Pema Chödrön Shows Us the Way through Our Fear


Pema Chödrön Shows Us the Way through Our Fear
Julie Jordan Avritt

We can let the circumstances of our lives harden us and make us increasingly resentful and afraid,
or we can let them soften us and make us kinder.

A Buddhist nun was once asked by the inveterate Bill Moyers, “What is a bodhisattva warrior?” Her explanation to his American audience was simple, non-sacrosanct.

“Well, it’s someone who takes a vow, actually, which I have done, and many Buddhists do, that, my main passion in life is to awaken myself. And I believe that everybody could do that.”

Pema Chödrön, regarded as likely the first American woman to become a fully ordained female Buddhist monastic (or bhiku), has been living as a Buddhist nun for four decades. Chödrön teaches around the world and has written bestselling books about the path of Buddhism to a Western audience. Chödrön follows the Shambhala Buddhist lineage of her late teacher, Buddhist master Chögyam Trungpa Rinpoche, who was highly revered but considered controversial by many in his decision to bring Buddhist teachings to Westerners.

Experiencing It as It Is

Guatama Buddha is regarded as having once said, “I teach only two things. Suffering and the end of suffering.”

The first of the Four Nobel Truths of Buddhism, which encompass the essence of Buddhism’s teachings, is life means suffering. The following Truths explain the cause of this suffering, reveal that the cessation of suffering can be attained, and disclose that there is a path one can follow in order to attempt to alleviate suffering.

It has been said that, at base, there are only two emotions: love and fear. If life means suffering, it can easily be understood how this would be so. Of course, despite the wreckage, the longing, the loss, the pain, there are stretches of steadiness and even of beauty, light. It is in those moments perhaps that we slowly become most vulnerable to fear; we don’t want to lose the precious security in what we’ve found.

Pema Chödrön discusses suffering as other teachers have. Suffering is not so much about what happens to us, but “how we relate to the things that happen to us that cause us to suffer.” No matter how well we keep our commitment to a meditation practice or how devoted we are to our discipline or teachings, we will experience loss. We will know pain.

In The Places That Scare You, she writes, “Our practice is to stay with it, to leave it, to experience it as it is.” This includes ourselves. Too often we become aligned with the voice of our inner critic or with the voice inside who shouts in terror. Our heart rate rises. Our breathing quickens, shallow and fierce. Our pupils dilate and we become hyper-vigilant yet somehow less aware inside the too-long moments of suffering and fear. What if we could allow ourselves instead, to step back and observe? Simply and quietly acknowledge our bodies’ responses. Hear the inner voice as it shouts or trembles. What would we begin to experience then, as we pass quietly from the terrified to the observer of the terrified?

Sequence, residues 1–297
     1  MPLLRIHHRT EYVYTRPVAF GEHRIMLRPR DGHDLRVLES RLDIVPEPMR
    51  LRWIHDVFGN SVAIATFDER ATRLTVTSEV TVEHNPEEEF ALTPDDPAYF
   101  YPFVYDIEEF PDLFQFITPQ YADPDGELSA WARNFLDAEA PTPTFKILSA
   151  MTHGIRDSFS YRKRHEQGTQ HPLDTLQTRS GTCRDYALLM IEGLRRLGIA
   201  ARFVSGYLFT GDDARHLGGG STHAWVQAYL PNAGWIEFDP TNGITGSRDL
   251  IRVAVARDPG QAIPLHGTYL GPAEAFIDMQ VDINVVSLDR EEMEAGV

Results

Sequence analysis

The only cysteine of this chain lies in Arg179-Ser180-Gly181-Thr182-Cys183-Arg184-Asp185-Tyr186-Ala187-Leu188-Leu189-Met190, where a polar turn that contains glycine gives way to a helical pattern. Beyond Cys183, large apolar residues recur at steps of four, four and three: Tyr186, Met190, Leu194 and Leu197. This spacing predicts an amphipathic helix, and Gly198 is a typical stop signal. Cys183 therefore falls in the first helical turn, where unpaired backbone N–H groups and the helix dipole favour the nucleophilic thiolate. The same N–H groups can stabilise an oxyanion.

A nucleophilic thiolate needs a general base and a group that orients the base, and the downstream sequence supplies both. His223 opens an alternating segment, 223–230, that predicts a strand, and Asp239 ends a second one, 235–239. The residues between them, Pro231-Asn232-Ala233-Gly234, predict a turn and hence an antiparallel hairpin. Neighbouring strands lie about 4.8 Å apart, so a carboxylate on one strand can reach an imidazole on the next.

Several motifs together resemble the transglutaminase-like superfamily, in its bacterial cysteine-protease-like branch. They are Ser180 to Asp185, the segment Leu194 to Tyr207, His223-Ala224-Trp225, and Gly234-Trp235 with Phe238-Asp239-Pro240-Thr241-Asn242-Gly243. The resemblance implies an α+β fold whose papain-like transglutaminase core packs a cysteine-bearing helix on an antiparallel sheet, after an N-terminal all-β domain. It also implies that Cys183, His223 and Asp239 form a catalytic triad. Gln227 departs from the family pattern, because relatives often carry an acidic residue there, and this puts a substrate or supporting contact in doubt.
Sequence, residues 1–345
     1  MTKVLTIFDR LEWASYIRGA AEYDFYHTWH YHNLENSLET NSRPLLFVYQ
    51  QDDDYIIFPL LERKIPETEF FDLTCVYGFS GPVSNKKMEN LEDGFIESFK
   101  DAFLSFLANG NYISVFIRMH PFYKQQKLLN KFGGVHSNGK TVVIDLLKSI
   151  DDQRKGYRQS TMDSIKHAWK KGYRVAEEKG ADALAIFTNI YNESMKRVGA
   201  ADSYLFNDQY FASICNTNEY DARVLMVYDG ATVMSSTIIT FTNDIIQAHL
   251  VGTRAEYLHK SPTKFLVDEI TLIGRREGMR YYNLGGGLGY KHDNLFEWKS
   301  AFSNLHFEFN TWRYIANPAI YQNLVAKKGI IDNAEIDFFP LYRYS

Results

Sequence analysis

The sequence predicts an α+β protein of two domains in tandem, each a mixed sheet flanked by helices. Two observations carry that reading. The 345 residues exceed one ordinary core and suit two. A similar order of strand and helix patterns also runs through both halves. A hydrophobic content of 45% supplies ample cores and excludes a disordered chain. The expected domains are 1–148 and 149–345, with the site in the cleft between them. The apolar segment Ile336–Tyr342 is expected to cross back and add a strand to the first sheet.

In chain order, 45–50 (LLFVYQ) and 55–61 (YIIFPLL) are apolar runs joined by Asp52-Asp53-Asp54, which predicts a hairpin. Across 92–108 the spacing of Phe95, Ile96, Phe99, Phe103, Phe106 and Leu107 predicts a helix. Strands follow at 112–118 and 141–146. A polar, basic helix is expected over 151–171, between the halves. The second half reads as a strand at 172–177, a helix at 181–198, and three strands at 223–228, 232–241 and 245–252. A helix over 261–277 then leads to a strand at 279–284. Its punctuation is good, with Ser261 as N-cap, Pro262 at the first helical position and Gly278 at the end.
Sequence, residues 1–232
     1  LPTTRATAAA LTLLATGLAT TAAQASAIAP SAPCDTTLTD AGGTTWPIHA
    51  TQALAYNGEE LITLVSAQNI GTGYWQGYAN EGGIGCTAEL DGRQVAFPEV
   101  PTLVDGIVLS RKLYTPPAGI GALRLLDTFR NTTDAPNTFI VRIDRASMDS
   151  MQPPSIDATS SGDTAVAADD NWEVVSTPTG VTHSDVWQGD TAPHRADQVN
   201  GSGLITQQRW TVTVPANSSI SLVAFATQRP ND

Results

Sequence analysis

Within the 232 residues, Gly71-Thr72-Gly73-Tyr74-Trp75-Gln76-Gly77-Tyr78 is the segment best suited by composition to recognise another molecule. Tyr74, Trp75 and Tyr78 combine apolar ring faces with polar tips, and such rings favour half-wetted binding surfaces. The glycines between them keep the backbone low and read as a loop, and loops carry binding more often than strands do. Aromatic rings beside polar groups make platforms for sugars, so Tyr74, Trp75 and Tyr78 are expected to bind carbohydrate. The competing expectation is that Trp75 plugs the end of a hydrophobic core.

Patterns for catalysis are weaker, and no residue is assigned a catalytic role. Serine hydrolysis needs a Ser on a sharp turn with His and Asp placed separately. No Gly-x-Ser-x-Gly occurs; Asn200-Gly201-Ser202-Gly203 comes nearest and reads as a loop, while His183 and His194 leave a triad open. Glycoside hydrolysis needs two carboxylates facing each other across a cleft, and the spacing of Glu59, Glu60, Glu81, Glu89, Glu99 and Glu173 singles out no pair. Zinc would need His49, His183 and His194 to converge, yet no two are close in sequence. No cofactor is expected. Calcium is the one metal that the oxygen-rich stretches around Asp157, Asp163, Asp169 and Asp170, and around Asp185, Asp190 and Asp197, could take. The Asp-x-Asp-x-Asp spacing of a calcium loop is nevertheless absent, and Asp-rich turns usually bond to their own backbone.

Everybody Has Buddha Nature

In her 2003 bestselling book, Radical Acceptance: Embracing Your Life with the Heart of a Buddha, Tara Brach wrote:

Several years ago a small group of teachers and psychologists from the United States and Europe invited the DalaiLama to join them in a dialogue about emotions and health. During one of their sessions, an American vipassana teacher asked him to speak about the suffering of self-hatred. A look of confusion came over the Dalai Lama’s face. “What is self-hatred?” he asked. As the therapists and teachers in the room tried to explain, he looked increasingly bewildered. Was this mental state a nervous disorder? he asked them. When those gathered confirmed that self-hatred was not unusual but rather a common experience for their students and clients, the Dalai Lama was astonished. How could they feel that way about themselves, he wondered, when “everybody has Buddha nature.”

Though it can be many times difficult to remember this essential nature within ourselves and others, a practice which encourages its truth can be a profound and illuminating guide out of the abyss.

Chödrön teaches us, with the immanent grace of her Buddhist wisdom, and the very directional smarts of her American intellect, that we don’t overcome our fear by going around it or over it or under it. Rather, when we rest in the in-between state, the place at which there are no answers, we can learn to embrace the hurt simply because it hurts. It is a truth of the present moment. Suffering is what is. When we search with wide-eyed and open-hearted looking, we touch our fear with consciousness and both are changed, even if the process occurs slowly. Awakening rarely happens overnight and never without a little pain. Suffering after all, is part and parcel to the path every being must walk. So best to make friends with it, if you can. It may become your best teacher.

fear 2

Confess your hidden faults.
Approach what you find repulsive.
Help those you think you cannot help.
Anything you are attached to, let it go.
Go to places that scare you.
— advice from teacher to the Tibetan
Yogini Machik Labrön

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